“The Broader Middle East and the Global Economy”
Ambassador Edward Djerejian
Founding Director – James A. Baker III Institute for Public Policy at Rice University
Ambassador Edward P. Djerejian, the founding director of the James A. Baker III Institute for Public Policy at Rice University, is one of the United States’ most distinguished diplomats and a leading expert on the complex political, security, economic, religious and ethnic issues of the Middle East.
Djerejian’s career spanned the administrations of eight U.S. presidents. He played key roles in the Arab–Israeli peace process, the U.S.-led coalition against Saddam Hussein’s invasion of Kuwait, successful efforts to end the civil war in Lebanon, the release of U.S. hostages in Lebanon, and the establishment of collective and bilateral security arrangements in the Persian Gulf.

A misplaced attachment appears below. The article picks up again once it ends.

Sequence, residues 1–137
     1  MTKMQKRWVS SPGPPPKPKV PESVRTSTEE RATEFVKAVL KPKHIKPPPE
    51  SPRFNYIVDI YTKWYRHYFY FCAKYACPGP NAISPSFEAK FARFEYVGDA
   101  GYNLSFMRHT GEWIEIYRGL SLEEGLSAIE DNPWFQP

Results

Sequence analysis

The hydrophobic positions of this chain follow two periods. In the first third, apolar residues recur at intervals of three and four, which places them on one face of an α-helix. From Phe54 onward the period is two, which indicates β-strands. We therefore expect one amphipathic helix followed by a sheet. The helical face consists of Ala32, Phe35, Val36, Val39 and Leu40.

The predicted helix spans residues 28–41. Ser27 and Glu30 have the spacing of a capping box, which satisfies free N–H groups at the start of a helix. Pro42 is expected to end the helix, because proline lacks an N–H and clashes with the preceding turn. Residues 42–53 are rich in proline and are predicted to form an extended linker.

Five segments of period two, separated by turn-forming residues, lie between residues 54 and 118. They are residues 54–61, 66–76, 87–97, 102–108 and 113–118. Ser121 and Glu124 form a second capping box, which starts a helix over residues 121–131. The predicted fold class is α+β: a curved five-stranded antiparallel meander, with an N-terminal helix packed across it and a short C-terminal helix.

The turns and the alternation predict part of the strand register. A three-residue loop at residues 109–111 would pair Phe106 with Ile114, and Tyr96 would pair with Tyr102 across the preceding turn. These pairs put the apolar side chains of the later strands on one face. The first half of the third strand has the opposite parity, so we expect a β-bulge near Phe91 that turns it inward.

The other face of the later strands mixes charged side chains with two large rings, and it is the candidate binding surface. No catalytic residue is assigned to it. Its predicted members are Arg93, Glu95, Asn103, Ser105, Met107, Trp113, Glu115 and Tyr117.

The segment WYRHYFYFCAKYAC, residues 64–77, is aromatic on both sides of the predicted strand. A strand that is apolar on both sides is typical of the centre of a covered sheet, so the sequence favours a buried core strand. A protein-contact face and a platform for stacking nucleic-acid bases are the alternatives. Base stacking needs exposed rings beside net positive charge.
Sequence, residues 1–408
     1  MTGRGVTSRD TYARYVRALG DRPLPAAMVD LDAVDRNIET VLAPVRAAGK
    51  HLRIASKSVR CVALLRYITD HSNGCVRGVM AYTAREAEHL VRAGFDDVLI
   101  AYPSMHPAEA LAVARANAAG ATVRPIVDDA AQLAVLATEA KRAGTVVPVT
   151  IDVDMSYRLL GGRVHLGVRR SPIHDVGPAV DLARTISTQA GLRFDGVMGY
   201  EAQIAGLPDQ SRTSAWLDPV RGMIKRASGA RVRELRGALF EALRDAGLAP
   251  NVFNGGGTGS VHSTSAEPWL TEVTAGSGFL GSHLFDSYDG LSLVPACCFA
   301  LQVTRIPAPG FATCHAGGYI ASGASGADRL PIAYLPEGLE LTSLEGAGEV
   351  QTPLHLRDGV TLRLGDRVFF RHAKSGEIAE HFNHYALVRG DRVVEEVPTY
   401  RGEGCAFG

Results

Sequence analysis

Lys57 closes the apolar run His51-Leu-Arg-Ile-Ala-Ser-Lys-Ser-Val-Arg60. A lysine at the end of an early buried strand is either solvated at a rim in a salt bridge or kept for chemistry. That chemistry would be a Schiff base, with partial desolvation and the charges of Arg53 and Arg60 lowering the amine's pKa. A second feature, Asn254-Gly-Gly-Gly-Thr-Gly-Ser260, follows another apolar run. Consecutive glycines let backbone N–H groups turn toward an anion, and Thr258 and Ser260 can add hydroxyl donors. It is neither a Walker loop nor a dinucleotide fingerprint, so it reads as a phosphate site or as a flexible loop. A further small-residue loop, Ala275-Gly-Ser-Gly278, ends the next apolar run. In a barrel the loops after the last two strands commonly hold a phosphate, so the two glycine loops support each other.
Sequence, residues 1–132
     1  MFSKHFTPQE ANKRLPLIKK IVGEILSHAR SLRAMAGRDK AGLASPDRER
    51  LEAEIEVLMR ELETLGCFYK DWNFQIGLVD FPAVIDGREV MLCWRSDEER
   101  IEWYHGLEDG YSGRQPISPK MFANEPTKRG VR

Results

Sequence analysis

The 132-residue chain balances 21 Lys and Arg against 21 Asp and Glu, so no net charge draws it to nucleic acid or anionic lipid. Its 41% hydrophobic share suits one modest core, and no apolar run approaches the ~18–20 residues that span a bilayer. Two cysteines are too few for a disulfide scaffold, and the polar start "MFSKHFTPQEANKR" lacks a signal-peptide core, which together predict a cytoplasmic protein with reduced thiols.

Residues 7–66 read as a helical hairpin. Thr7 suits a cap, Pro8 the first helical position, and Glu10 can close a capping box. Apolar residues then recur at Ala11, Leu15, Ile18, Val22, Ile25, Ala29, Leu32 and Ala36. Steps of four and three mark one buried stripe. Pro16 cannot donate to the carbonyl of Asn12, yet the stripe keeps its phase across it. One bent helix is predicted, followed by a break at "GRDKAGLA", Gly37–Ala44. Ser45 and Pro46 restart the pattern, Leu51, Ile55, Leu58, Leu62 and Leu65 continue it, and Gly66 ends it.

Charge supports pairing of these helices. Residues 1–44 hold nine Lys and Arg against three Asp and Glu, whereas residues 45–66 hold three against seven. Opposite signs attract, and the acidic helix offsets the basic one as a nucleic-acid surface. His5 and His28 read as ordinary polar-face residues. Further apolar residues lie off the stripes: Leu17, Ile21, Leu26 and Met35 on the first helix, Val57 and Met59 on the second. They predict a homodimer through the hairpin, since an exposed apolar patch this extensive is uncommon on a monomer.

Prior to his nomination by President Bill Clinton as U.S. ambassador to Israel, Djerejian served both President George H.W. Bush and President Clinton as assistant secretary of state for Near Eastern affairs. He also served President Ronald Reagan and President Bush as U.S. ambassador to the Syrian Arab Republic. Djerejian has also served as deputy assistant secretary of Near Eastern and South Asian affairs, as deputy chief of the U.S. mission to the Kingdom of Jordan, and as special assistant to President Reagan and deputy press secretary for foreign affairs in the White House.
He is the author of “Danger and Opportunity: An American Ambassador’s Journey Through the Middle East” (Simon & Schuster Threshold Editions, September 2008).